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Report on Business Cannabis Professional ‘Health Canada has larger concerns’: Experts dismiss threat of crackdown on cannabis ads

HIGHLIGHTS
  1. Snapchat, Twitter and other social media platforms are running ads from recreational cannabis companies
  2. Health Canada is looking into whether those social media ads are violating restrictions on marijuana product promotions that could companies
  3. Experts say a “sternly-worded letter” is the most likely penalty as the guidelines for what is allowed and what is not are unclear

Health Canada is more likely to issue the regulatory equivalent of a slap on the wrist for violating restrictions on cannabis advertising, experts say, with very little chance of any licence being put at risk.

Quebec-based cultivator Hexo, which does run ads on Snapchat, was targeted by a short report last week claiming the company was running afoul of federal rules prohibiting cannabis promotions that can be seen by minors. Health Canada did confirm the agency is investigating the matter, but Brenna Boonstra says the worst possible penalty would not be overly severe.

“Do I think we could see a licence revocation over non-compliant advertising? Probably not,” said Ms. Boonstra, director of regulatory and quality for consulting form Cannabis Compliance Inc. (CCI). “In my mind, Health Canada has larger concerns with compliance then this issue now.”

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The short report claimed Hexo could be “the next CannTrust” over the potential violations, referring to the Toronto-based licenced producer currently under investigation by Health Canada, the Ontario Securities Commission and the Royal Canadian Mounted Police. The allegations against CannTrust focus on growing unlicenced cannabis and, as Cannabis Professional exclusively reported last month, allegedly concealed the illicit production from federal inspectors.

Most analysts and experts believe CannTrust could potentially have its licence revoked by Health Canada over those violations. The agency has only revoked the licence of one cannabis producer under the Cannabis Act thus far - Agrima Botanicals of British Columbia - after the company was discovered to be selling some of its products into the illegal market.

“Both of those transgressions are in my mind very different than promoting cannabis on a channel that is accessible by youth and Health Canada is likely to see it the same way,” Ms. Boonstra said. “Across other regulated product categories like pharmaceuticals or natural health products, it is typically a sternly-worded letter from Health Canada requiring you to remove your advertisement.”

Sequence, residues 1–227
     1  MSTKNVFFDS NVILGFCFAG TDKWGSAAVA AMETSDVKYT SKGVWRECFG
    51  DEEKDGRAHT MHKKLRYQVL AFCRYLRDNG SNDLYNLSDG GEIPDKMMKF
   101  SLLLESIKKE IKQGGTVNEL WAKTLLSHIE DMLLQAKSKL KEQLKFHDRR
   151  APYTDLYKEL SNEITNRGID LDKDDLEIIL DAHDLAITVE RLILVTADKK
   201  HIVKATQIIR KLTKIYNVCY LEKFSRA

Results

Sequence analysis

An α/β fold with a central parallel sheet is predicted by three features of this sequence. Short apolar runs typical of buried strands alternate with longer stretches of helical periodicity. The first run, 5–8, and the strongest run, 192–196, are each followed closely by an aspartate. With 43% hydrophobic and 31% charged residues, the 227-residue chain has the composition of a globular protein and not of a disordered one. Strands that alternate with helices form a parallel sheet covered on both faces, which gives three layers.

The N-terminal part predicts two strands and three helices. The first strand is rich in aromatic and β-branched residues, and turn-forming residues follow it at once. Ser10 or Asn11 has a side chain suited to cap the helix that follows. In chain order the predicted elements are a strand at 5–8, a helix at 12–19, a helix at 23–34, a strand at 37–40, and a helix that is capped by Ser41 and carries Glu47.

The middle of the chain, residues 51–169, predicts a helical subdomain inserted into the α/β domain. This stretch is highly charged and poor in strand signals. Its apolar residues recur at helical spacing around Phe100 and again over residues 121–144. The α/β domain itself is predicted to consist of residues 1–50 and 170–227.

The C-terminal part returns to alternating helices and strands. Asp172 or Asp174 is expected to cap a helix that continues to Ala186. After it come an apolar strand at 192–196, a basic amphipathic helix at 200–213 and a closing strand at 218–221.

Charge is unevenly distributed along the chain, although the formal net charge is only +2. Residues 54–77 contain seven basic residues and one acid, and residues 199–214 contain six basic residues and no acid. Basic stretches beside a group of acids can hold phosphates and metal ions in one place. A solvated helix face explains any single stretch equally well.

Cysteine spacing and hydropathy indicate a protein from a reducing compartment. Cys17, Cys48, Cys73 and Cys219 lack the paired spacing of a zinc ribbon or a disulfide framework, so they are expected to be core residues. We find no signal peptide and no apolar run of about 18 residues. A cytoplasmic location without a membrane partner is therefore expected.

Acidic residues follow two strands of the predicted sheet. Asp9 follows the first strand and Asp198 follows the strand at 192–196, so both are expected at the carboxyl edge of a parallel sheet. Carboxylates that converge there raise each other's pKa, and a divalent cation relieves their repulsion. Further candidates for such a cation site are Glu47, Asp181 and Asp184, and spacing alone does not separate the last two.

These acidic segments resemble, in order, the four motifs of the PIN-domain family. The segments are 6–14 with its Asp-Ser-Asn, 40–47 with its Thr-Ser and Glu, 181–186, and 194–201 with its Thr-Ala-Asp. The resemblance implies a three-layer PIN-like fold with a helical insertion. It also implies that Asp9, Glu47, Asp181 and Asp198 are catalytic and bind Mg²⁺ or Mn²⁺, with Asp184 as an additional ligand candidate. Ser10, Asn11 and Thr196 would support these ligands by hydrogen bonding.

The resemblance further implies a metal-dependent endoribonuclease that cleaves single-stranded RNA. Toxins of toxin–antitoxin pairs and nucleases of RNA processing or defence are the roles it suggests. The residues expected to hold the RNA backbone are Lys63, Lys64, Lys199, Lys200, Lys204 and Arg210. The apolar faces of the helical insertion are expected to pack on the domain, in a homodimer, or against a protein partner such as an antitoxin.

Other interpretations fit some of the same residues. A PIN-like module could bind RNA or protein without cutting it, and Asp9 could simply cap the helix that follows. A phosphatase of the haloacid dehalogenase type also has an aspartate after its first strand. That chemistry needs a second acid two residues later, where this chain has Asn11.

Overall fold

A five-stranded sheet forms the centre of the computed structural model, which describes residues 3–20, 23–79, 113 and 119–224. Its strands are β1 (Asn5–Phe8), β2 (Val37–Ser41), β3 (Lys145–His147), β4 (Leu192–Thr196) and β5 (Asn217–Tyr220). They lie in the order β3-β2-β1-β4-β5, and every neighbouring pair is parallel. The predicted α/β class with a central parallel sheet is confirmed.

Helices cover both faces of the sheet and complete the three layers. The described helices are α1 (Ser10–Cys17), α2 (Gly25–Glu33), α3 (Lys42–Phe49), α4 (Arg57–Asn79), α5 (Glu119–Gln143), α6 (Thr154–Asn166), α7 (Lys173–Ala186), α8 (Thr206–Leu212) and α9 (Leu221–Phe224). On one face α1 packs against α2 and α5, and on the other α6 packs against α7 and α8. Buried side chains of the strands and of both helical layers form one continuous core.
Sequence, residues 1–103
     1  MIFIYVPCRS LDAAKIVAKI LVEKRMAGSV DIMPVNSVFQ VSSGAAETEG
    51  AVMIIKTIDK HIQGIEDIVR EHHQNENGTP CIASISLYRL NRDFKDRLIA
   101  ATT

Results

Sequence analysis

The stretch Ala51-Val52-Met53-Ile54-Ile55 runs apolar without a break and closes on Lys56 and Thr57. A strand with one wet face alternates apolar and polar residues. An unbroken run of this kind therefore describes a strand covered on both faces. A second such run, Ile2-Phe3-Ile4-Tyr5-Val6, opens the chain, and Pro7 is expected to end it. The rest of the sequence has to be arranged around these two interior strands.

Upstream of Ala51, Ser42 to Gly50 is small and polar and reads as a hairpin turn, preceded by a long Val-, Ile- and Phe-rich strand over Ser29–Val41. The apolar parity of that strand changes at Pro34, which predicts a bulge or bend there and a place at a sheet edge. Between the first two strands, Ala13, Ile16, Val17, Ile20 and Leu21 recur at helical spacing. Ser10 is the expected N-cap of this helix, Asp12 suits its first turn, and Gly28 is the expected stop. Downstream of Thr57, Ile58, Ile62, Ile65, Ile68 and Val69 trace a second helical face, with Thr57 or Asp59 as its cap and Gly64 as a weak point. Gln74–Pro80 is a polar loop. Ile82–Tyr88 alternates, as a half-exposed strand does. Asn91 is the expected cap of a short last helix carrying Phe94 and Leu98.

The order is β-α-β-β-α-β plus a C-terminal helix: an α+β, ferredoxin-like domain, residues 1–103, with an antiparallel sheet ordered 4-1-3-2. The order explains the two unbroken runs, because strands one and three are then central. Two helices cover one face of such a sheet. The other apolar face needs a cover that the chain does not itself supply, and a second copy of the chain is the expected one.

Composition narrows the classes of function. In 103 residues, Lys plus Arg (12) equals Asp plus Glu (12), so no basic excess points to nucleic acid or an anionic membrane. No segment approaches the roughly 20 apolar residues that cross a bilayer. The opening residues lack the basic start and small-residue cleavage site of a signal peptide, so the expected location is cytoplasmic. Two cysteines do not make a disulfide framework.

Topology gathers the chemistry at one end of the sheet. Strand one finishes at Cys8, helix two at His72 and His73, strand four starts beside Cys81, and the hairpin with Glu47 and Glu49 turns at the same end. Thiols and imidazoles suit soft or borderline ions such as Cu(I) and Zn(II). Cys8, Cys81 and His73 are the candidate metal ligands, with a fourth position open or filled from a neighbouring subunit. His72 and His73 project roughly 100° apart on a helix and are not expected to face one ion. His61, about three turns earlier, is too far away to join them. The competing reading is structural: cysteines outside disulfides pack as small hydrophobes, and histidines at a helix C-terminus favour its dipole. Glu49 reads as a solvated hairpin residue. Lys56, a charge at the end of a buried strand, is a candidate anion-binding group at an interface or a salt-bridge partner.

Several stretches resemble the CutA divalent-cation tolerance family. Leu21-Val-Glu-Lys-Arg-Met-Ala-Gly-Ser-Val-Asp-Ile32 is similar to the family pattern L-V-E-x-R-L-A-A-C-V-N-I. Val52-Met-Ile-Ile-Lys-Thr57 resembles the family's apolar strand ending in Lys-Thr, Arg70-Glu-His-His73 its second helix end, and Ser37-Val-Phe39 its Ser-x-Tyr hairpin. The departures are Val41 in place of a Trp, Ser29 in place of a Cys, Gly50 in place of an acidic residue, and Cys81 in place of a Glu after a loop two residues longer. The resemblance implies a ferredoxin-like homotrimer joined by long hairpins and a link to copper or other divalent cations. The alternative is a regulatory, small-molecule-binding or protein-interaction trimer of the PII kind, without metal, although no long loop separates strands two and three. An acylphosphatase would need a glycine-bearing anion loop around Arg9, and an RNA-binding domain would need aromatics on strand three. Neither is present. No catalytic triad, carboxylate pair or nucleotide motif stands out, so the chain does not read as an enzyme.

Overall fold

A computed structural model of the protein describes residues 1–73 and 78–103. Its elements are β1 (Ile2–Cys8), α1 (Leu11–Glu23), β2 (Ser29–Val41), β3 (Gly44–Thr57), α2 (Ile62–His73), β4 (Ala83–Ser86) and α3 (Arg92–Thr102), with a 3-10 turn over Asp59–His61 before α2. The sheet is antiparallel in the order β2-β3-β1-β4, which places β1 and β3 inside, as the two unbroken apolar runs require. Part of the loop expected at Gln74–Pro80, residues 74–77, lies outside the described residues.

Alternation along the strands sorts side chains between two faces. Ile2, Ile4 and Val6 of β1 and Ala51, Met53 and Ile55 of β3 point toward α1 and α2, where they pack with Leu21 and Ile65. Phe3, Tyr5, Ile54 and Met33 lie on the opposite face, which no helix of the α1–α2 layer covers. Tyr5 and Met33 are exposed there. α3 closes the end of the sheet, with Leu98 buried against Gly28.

David Wood, a partner based in the Calgary office of Borden Ladner Gervais LLP and co-chair of the firm’s cannabis industry focus group, said the lack of clear rules governing what can be considered acceptable cannabis promotional activity has forced companies to make educated guesses. Some, he agreed with Ms. Boonstra, look at rules for similar industries as a guide.

“The consequences are not specified in the [Cannabis] Act and the current regulations are essentially silent on promotional activity,” Mr. Wood said. “Until we have either action by Health Canada or the publication of what they see as appropriate in terms of penalties for certain types of contraventions, we either have to see some history of enforcement or a statement from Health Canada of their position on what is appropriate.”

Health Canada spokesperson Eric Morrissette said the agency is “aware of the situation” with Hexo and “is looking into the matter.” The cannabis regulator “considers each situation on a case-by-case basis”, he said, adding “in cases where limited promotion takes place by social media, it is up to the person responsible for the content of the promotion to take reasonable steps to ensure that the promotion cannot be accessed by a young person.”

The guidelines “are still in flux,” Ms. Boonstra of CCI said, “the big phrase in regulation here is ‘reasonable steps’, but ‘reasonable steps’ has never been defined by Health Canada, that is the phrase that they have used but there is no definition and they have not published any public guidance on what are and what are not reasonable steps.”

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If whatever steps taken are not deemed reasonable, Mr. Morrissette said Health Canada is authorized to impose a range of punishments, from the “issuance of a warning letter, suspension or cancellation of a federal licence...or monetary penalties up to $1-million.”

However, Mr. Morrissette said, when a contravention is identified, “Health Canada works with the implicated individual(s) or corporation(s) to promote compliance by... providing them with an opportunity to comply with their legal obligations.”

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